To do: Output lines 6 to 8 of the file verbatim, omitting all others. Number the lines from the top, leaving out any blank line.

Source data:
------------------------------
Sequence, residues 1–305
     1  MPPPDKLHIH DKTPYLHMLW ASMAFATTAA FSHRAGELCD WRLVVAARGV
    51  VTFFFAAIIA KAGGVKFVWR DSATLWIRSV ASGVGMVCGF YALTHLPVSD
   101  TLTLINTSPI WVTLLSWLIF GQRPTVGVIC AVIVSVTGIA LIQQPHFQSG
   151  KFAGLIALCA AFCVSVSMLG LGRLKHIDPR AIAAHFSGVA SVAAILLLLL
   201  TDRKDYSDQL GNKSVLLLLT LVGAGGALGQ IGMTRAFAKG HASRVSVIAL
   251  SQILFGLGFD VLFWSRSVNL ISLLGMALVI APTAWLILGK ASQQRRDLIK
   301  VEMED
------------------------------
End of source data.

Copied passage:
   201  TDRKDYSDQL GNKSVLLLLT LVGAGGALGQ IGMTRAFAKG HASRVSVIAL
   251  SQILFGLGFD VLFWSRSVNL ISLLGMALVI APTAWLILGK ASQQRRDLIK
   301  VEMED